Evidence of Homo erectus subsistence activities from the Acheulean site of Tighennif (Algeria).

Razika Chelli-Cheheb1,2, Isabel Cáceres3, Mohamed Sahnouni4,1,5, Salah Abdessadok6, 1, Zoheir Harichane1,7, Jan Van der Made8

  1. Centre National de Recherches Préhistoriques, Anthropologiques et Historiques (CNRPAH), Algiers, Algeria;mailto:chlrzk@unife.it
  2. Dipartimento di Studi Umanistici, UniversitàDegli Studi di Ferrara, Ferrara, Italy;
  3. Institut Català de Paleoecologia Humana i Evolucio Social (IPHES), & Àrea de Prehistòria, Universitat Rovira i Virgili, Tarragona, Spain;
  4. Centro Nacional de Investigación sobre la Evolución Humana (CENIEH), Burgos, Spain;
  5. Stone Age Institute & Anthropology Department, Indiana University Bloomington, Indiana, USA;
  6. Département Homme et Environnement, Museum National d’Histoire Naturelle, Paris, France ;
  7. Musée National du Bardo, Algiers, Algeria ;
  8. Museo Nacional de Ciencias Naturales & Consejo Superior de Investigaciones Científicas, Madrid, Spain;

Abstract

The Tighennif site (formerly Ternifine) is located east of the city of Mascara in north-western Algeria. Earlier excavations at this site yielded a typical Acheulean industry associated with rich large and small mammalian faunas, as well as Homo erectus fossils, which arecurrentlythe oldest in North Africa. However, previous investigations were primarily paleontological, and therefore, several questions on H. erectusbehavior remained unresolved. Since 2013, multidisciplinary investigations have beencarried out at Tighennif, which involved excavating and assessing of the archaeological remains for site formation processes; firmly dating the site; reconstructing H. erectus paleoecology, subsistence patterns, and technological behavior.The new excavations yielded rich faunal assemblages associated with Acheulean stone tools. Here, we present the first results of the taphonomic analyses of the faunal assemblages from Locality A and D within the site, underliningthe primary subsistence patterns of early Acheulean occupations in North Africa. The fossil assemblages comprise primarily Equidae, Bovidae (with several subfamilies represented), Elephantidae, Rhinocerotidae, Hippopotamidae, Suidae, Camelidae and Giraffidae. The carnivores include Felidae (Panthera leo) and Canidae (Lupulella), and primates are represented by Theropithecus oswaldi. Post depositional modifications (e.g., oxide stains, water activity, weathering, and root-etching) are abundant but similar in both assemblages, allowing us to recover well-preserved animal fossilsadapted toopen environments. It was inthis ecological contextthat hominins and carnivoresconducted activities related toanimal consumption. Anthropic bone breakage patterns and cut marked bones indicate hominin exploitation of meat and marrow from animal car¬casses. The carnivore activities are poor and identified only by the presence of tooth marks. Based on our study of the Tighennif faunal assemblages, preliminary data suggestthat from~1,0 Ma onwards, hominins had the necessary skills to successfully exploit animal resources, with early access to ungulates of different sizes.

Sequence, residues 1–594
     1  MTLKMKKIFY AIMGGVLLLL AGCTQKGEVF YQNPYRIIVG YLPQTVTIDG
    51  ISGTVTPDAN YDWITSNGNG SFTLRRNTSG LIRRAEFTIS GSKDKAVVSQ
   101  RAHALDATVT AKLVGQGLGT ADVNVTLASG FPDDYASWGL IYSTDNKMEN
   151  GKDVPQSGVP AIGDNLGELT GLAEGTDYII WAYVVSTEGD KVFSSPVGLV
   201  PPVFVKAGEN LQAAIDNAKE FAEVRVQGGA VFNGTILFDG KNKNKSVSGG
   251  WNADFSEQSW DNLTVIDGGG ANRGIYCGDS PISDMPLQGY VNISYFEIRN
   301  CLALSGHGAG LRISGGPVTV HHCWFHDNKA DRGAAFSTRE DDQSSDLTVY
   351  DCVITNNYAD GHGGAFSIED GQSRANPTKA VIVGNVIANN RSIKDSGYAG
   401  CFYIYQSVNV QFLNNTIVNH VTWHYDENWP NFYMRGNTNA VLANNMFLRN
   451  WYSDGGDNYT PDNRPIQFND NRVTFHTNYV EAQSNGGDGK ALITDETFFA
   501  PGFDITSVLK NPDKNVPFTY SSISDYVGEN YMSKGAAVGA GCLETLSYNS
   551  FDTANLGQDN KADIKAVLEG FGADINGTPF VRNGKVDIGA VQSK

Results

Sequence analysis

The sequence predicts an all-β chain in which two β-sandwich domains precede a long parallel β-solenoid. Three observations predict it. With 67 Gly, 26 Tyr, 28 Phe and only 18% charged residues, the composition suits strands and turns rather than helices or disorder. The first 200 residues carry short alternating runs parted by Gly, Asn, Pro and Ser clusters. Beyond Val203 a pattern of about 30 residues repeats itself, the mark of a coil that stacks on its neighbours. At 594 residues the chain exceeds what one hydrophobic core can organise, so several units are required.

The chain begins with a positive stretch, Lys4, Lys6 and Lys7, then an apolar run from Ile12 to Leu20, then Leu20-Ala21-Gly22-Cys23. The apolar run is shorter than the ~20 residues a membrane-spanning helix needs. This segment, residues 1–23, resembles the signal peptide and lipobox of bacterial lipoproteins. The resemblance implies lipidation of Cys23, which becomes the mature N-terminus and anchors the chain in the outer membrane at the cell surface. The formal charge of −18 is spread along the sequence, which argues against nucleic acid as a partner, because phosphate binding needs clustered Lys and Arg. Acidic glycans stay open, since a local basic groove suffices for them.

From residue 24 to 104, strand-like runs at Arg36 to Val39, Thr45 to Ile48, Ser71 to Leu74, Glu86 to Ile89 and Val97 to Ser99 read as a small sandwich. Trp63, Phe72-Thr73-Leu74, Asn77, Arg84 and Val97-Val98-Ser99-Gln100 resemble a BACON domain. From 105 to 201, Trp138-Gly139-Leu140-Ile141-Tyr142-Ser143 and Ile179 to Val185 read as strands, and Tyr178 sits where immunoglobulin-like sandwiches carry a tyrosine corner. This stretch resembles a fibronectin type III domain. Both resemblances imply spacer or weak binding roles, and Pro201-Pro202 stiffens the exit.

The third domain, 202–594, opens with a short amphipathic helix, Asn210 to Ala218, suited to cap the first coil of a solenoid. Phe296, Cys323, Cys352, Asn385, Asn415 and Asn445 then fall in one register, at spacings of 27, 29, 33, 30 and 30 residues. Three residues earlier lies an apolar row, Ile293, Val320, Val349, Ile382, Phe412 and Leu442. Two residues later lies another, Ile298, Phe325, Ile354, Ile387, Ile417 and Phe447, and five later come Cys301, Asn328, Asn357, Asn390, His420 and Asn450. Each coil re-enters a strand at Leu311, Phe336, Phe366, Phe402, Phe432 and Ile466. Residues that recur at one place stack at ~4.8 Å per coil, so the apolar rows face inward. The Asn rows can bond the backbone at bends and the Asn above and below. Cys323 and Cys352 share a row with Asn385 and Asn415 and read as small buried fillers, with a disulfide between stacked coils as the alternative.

Subject Communication
Language of text English
Topics AFR.001: Recent Advances in Early Stone Age Studies in Africa, New Insights on the Oldowan and the Acheulian Stone Technology
Keywords Subsistence activities; Tighennif; Lower-Middle Pleistocene; Acheulean; Homo erectus; North Africa;
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